The traditional argument of video games being bad for children is something that is still very prevalent in Sri Lanka. But Poland’s Ministry of Education and Science’s decision to include a video game into their national curriculum is a strong argument to the value of video games in modern society.

A first in the history of Poland’s education, the video game, This War of Mine is the first supplementary reading in the form of a video game in its school curriculum and is aimed for students to use in ethics or social studies lessons. As such, game has been made available completely free to download on the Polish government’s website for students and teachers.

A struggle for survival

True to its name, war is the main subject that is being discussed in This War of Mine, but unlike many other war-themed video games, 11 Bit Studios, the developers of the game took a completely different approach.

This War of Mine is a strategy game that puts the player in control of a group of civilian survivors in a city under siege. Stuck in a building that is falling apart, with a small group of civilians with little to no combat or survival experience, the objective of the game is to survive until the announcement of a ceasefire. Of course, no one knows when that will happen because this is completely randomised in the game.

Until the war ceases, the player has to make ensure the health, hunger and emotional state of the characters in the game are taken care of. Not only that, there are both hostile parties and other survivors around as well. With hostile snipers ready to shoot anyone they see, the only time possible to go out and scavenge for food, water and other basic necessities is in the middle of the night.

Of course, with limited food, water, medicine and shelter that’s expected in a besieged city, this inevitably forces the player to make difficult decisions in order to survive. Should you share food with a struggling survivor you encounter at the expense of your own reserves? Save a mother and her children with essential medicine at the risk of one of yours not being able to find treatment when they fall ill? Will you risk injury by defending a woman from being molested by a group of potentially armed and dangerous people, or save yourself and scavenge building material to help maintain and protect your shelter? Each decision affects how the game progresses, and choice comes with real consequences in the game and how it ends.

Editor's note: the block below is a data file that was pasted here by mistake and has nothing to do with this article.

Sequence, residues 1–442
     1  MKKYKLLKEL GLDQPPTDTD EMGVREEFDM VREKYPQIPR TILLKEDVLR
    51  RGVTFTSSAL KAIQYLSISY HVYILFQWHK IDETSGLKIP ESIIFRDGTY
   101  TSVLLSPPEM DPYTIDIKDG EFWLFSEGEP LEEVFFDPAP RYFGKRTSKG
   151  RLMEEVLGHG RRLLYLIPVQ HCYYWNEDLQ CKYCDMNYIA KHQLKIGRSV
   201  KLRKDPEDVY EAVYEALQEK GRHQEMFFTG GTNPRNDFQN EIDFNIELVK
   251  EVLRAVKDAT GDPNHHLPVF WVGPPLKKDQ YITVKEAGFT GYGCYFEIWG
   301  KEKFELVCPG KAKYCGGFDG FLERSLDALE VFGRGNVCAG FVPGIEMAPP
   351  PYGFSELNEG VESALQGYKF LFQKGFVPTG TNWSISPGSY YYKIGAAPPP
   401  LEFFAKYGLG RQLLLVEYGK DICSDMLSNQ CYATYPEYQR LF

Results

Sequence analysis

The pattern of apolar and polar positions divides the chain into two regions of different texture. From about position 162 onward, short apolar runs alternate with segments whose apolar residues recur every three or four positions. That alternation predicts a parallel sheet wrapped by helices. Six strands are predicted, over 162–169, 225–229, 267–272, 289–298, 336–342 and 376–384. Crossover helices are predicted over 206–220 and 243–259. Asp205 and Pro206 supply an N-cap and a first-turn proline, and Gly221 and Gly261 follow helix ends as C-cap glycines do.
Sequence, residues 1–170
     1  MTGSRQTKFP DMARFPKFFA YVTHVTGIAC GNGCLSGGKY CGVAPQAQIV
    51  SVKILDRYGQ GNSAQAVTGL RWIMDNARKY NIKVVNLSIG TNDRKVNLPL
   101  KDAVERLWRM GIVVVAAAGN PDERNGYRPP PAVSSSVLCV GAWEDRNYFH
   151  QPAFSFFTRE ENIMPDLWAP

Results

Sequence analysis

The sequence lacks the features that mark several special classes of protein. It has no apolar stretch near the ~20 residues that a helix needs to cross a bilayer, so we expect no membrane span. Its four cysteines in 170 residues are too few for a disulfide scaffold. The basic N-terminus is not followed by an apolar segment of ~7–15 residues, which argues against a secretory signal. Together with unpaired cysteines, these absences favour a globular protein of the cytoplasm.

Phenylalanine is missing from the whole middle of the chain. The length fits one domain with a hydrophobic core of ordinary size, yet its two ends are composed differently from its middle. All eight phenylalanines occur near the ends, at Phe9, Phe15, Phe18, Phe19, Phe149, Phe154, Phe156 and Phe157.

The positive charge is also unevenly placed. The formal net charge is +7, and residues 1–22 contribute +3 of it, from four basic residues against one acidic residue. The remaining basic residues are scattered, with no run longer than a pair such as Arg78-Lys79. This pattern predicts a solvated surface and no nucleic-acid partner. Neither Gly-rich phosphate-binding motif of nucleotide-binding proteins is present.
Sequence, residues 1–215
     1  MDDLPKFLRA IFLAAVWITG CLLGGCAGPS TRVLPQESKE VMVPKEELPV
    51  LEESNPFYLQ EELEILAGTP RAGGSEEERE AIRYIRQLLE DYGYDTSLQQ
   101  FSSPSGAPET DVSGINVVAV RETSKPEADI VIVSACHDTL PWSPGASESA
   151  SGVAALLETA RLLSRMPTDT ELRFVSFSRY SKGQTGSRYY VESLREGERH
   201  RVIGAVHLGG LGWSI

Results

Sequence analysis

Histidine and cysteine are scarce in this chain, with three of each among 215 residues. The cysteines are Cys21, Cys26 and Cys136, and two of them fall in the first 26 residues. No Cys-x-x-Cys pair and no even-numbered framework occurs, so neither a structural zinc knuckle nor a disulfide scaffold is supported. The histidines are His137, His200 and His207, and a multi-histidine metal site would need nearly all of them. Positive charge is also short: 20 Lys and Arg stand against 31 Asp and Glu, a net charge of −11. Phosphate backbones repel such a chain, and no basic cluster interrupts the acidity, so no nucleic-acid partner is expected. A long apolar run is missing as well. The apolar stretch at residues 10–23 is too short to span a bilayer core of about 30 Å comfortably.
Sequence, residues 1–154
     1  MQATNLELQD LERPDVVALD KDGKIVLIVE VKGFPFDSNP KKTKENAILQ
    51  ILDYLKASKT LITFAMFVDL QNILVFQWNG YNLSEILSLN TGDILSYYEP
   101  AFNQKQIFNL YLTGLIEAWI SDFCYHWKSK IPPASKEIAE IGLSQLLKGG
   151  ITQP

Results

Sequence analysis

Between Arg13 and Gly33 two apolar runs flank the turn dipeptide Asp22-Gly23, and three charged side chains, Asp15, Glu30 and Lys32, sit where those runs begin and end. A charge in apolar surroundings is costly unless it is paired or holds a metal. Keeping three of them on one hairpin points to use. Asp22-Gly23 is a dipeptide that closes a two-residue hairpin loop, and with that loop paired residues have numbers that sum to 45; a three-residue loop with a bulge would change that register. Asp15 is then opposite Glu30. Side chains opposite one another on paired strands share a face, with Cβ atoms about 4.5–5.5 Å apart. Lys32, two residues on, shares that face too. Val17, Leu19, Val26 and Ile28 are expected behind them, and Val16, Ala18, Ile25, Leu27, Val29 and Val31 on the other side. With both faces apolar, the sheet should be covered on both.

Empathy through experience

This War of Mine is said to be heavily inspired by Siege of Sarajevo, where civilians had to live through many unmentionable horrors. Not just in Ukraine and Russia, sadly many regions and people continue to suffer similar desperate circumstances, caught in the middle of the conflict.

Much like fiction and storytelling help us immerse in worlds and experience characters having very human experiences that we might not encounter in real life, video games have the power to add that added layer of immersion, to interact with such a world and characters, to not only see, hear or read, but also to experience.

No one should ever have to experience these horrors, but until that day arrives, perhaps video games such as this can help those safe and away from conflict to better understand and have empathy towards those who are affected, to understand their plight and take action to help one another, and to be kinder, more understanding of those who have experienced such horrors. Perhaps the people of Poland recognised this when they campaigned for officials to include the game in the curriculum some years ago.

Changing views

Seeing a video game become part of a national educational curriculum is something that would have been completely unheard of some years ago, but is evidence to the increased acceptance of video games in modern society, breaking into the mainstream.

It’s also further reinforcement that much like other media, video games too can be entertaining, but also art, exposing us to new experiences, moments and feelings in a completely new way.

By Shanuka Kadupitiyage